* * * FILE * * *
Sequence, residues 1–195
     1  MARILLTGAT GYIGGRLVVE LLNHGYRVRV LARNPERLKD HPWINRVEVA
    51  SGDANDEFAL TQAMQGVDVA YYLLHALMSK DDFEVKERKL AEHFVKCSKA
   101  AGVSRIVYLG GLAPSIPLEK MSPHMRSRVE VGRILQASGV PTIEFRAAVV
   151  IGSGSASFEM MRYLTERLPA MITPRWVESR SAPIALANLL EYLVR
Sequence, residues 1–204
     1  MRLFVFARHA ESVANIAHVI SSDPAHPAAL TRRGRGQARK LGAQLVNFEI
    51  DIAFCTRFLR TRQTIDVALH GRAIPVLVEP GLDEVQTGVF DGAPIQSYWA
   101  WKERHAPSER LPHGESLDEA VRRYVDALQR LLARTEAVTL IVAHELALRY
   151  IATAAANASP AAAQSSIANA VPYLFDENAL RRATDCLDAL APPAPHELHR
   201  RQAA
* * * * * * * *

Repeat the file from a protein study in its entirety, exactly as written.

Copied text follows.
Sequence, residues 1–195
     1  MARILLTGAT GYIGGRLVVE LLNHGYRVRV LARNPERLKD HPWINRVEVA
    51  SGDANDEFAL TQAMQGVDVA YYLLHALMSK DDFEVKERKL AEHFVKCSKA
   101  AGVSRIVYLG GLAPSIPLEK MSPHMRSRVE VGRILQASGV PTIEFRAAVV
   151  IGSGSASFEM MRYLTERLPA MITPRWVESR SAPIALANLL EYLVR
Sequence, residues 1–204
     1  MRLFVFARHA ESVANIAHVI SSDPAHPAAL TRRGRGQARK LGAQLVNFEI
    51  DIAFCTRFLR TRQTIDVALH GRAIPVLVEP GLDEVQTGVF DGAPIQSYWA
   101  WKERHAPSER LPHGESLDEA VRRYVDALQR LLARTEAVTL IVAHELALRY
   151  IATAAANASP AAAQSSIANA VPYLFDENAL RRATDCLDAL APPAPHELHR
   201  RQAA